How to Improve Content Marketing Results with a Small Team in 3 Ways

What do you think of your team’s size? Have you ever wished you had extra staff to help with content planning, development, distribution, promotion, and analysis?

If so, you probably aren’t the only one. According to CMI data, less than five full-time team members make up the majority of content teams.

But like many marketers, it’s unlikely that you’ll suddenly have more money to add staff. Because of this, everything your team produces for your content marketing strategy needs to be significant.

Put these three concepts into action to achieve results, regardless of the size (or lack thereof) of your content marketing staff.

1.Summarize your content marketing plan on one page.

Too frequently, teams begin producing, sharing, and (sometimes) promoting information without first developing (and documenting) a strategy. Additionally, some small teams believe that because they already know their plan, it is not necessary to write it down.

These ideas lead to time-consuming, unsuccessful content marketing. Imagine doing it while travelling without a map or GPS to an unknown location. You might succeed in getting there, but you’ll almost certainly squander time on pointless detours, halts to acquire directions, and return.

Therefore, your content marketing strategy must be documented. However, you don’t need to invest a lot of effort in producing a long, complicated presentation that nobody will have the time to read.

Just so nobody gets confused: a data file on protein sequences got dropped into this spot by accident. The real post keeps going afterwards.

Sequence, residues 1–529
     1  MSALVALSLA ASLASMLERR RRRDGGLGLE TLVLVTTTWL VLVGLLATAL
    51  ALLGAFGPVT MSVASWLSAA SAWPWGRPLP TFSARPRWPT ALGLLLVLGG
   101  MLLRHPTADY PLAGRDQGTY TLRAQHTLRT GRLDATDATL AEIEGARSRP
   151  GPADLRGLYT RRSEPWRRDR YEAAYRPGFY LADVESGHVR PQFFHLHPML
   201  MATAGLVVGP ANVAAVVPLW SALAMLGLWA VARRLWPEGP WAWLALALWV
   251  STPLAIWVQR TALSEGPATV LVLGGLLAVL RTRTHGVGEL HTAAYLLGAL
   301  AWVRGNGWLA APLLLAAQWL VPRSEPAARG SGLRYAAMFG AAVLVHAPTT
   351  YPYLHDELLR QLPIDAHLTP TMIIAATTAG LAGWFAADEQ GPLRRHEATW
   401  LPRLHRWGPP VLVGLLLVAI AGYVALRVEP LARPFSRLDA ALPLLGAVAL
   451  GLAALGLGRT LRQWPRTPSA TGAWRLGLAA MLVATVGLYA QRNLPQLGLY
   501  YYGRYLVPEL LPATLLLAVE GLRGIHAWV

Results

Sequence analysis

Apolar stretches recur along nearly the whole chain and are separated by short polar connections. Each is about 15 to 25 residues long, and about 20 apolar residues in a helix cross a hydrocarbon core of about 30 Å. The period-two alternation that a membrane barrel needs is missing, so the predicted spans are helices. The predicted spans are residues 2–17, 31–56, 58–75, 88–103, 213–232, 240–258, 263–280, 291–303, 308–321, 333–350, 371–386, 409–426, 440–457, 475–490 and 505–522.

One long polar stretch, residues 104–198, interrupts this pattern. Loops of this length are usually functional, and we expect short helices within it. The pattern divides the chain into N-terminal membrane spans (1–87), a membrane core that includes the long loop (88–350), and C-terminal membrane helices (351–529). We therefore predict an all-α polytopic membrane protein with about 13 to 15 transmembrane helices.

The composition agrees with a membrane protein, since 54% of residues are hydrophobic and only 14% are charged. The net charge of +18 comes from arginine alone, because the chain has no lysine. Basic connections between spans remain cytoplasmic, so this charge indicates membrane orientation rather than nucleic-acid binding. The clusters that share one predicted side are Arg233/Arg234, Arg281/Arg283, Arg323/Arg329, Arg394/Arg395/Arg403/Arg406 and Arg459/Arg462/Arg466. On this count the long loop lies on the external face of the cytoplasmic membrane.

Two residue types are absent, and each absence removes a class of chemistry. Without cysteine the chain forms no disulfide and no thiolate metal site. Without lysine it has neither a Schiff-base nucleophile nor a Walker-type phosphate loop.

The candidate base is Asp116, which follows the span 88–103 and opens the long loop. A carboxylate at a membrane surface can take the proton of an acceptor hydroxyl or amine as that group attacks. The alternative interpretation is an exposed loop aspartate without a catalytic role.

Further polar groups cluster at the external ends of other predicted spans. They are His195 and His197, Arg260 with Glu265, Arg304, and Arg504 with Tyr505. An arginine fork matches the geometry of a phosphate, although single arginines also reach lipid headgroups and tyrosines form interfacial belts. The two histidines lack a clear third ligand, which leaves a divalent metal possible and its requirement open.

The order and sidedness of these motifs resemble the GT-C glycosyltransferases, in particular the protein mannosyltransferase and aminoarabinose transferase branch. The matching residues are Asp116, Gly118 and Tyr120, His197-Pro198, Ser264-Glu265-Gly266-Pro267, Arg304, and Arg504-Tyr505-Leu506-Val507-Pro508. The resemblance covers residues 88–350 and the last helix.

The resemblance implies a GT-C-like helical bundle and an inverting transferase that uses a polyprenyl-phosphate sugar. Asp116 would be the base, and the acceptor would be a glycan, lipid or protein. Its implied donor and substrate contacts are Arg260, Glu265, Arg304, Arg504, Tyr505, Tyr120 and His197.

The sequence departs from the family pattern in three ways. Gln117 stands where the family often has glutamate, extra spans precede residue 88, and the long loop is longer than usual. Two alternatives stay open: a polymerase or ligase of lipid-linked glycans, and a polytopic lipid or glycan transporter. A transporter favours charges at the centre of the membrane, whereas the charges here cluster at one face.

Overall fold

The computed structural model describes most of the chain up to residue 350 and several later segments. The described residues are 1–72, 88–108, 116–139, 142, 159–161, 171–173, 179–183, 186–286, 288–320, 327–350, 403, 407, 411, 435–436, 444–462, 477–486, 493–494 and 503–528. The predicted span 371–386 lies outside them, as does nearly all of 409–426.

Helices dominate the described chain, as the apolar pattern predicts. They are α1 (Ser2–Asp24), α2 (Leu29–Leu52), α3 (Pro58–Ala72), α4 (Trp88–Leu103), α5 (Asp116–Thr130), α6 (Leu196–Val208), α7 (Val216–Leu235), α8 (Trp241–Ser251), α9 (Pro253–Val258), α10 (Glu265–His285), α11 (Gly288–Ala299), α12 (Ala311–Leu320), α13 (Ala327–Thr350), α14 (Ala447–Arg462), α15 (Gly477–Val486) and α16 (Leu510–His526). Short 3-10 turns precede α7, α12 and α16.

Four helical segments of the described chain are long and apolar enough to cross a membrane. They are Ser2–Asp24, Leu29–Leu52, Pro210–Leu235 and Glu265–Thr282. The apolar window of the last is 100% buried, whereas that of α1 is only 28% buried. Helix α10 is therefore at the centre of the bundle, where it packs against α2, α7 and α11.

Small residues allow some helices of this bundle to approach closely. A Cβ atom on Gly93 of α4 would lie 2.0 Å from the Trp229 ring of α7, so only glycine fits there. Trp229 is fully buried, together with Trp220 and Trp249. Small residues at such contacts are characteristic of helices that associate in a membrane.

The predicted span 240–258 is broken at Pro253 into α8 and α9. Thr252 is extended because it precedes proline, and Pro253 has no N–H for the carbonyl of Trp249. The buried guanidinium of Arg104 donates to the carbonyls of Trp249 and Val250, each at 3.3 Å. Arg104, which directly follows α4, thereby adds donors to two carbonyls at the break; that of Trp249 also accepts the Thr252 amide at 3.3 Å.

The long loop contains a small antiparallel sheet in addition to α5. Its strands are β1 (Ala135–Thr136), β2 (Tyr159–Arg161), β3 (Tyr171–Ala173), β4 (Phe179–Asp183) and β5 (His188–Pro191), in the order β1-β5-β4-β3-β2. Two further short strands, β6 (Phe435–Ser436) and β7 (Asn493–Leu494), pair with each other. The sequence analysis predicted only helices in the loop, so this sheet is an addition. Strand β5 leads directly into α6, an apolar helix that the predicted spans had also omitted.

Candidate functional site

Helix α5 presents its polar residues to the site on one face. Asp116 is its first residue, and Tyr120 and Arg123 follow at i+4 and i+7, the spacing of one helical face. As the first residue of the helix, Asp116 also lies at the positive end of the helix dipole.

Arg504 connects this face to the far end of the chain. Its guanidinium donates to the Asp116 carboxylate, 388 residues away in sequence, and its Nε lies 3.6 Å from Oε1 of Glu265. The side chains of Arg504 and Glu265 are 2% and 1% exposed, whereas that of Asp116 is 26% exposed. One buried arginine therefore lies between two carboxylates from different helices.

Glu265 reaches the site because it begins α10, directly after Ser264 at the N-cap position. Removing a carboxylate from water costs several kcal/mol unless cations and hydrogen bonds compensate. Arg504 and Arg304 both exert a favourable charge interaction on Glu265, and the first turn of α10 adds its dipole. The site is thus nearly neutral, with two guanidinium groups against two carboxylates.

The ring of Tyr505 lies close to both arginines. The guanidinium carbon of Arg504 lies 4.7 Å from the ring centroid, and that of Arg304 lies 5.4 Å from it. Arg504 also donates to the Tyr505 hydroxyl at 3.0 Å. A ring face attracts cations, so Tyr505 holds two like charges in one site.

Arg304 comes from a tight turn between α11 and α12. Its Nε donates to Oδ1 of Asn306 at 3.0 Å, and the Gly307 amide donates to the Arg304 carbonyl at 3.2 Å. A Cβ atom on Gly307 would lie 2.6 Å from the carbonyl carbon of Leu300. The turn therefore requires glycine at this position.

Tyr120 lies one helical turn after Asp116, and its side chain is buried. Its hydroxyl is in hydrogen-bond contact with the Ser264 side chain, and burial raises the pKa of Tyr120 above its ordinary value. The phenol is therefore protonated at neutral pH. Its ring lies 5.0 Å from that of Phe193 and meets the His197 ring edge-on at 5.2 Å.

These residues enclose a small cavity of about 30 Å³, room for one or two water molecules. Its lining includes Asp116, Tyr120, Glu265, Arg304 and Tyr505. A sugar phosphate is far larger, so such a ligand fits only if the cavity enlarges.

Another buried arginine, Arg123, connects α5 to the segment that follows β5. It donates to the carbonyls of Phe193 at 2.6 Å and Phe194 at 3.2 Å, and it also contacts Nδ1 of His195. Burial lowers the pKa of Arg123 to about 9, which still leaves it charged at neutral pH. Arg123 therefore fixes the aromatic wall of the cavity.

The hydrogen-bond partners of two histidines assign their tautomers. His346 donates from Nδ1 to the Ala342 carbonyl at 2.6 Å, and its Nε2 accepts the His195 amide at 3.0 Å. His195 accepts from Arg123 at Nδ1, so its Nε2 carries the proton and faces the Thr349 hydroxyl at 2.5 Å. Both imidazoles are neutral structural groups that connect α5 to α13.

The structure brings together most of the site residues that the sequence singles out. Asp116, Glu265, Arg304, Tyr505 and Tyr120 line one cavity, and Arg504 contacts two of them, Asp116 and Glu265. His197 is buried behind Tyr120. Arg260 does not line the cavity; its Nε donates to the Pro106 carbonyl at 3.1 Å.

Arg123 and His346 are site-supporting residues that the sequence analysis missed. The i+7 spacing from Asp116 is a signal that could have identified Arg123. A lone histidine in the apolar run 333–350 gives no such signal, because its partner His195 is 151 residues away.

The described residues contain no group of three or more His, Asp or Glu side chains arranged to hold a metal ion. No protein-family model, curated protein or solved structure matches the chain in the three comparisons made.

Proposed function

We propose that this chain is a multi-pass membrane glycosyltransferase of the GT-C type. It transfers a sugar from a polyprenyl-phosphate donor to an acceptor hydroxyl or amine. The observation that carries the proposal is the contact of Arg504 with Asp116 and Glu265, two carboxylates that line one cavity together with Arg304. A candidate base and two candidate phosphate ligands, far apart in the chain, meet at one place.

Instead, write down the responses to the following questions and create a one-page content marketing plan document (and, yes, you may use the front and back of a page):

  • What are the aims and purposes of your company?
  • Whom are you trying to reach? What requirements and interests do they have?
  • What are your goals for content marketing? What do you hope your audience will understand, believe, or do?
  • What are the main subjects of your content? Your industry and business topics here coincide with the demands and interests of your audience.
  • What kind of material do you produce? Determine the formats that can be used for your content marketing strategy, including blogs, videos, infographics, social media, etc.
  • Where will this content be published?
  • How often will you produce and release this content? (Be practical. It is preferable to raise frequency now rather than to decrease it later.)
  • What quantifiable objectives does your content marketing programme have? Transform your content marketing goals into measurable success indicators. Don’t forget to include a deadline for completing each goal.

Do more than just record your content marketing strategy.

Post it somewhere you’ll see it frequently. Send it to all interested parties. Then, add check-in times to your calendar so you can evaluate what is (and isn’t) functioning. Reevaluate your goals and objectives in light of both internal and external factors, such as a new corporate direction (e.g., a global pandemic, etc.).

2.Maximize the material you produce.

For the content, your staff puts in a lot of effort. How to make that content work harder for you is provided here.

The following 10 pieces of content were created from an exclusive e-newsletter article by her content team, as shown in the graphic:

  • 3 blog entries
  • Three podcast instalments
  • a single presentation
  • one game of chance
  • One test
  • Infographic one

Some parts needed no further work, while others required more. However, it still required less time and resources than if they had started from scratch and produced 10 content items.

Can your little team accomplish something comparable? Absolutely.

Consider your audience’s needs while planning your content, and consider how to break up that large notion into smaller, more manageable chunks. To do it, respond to the following inquiries: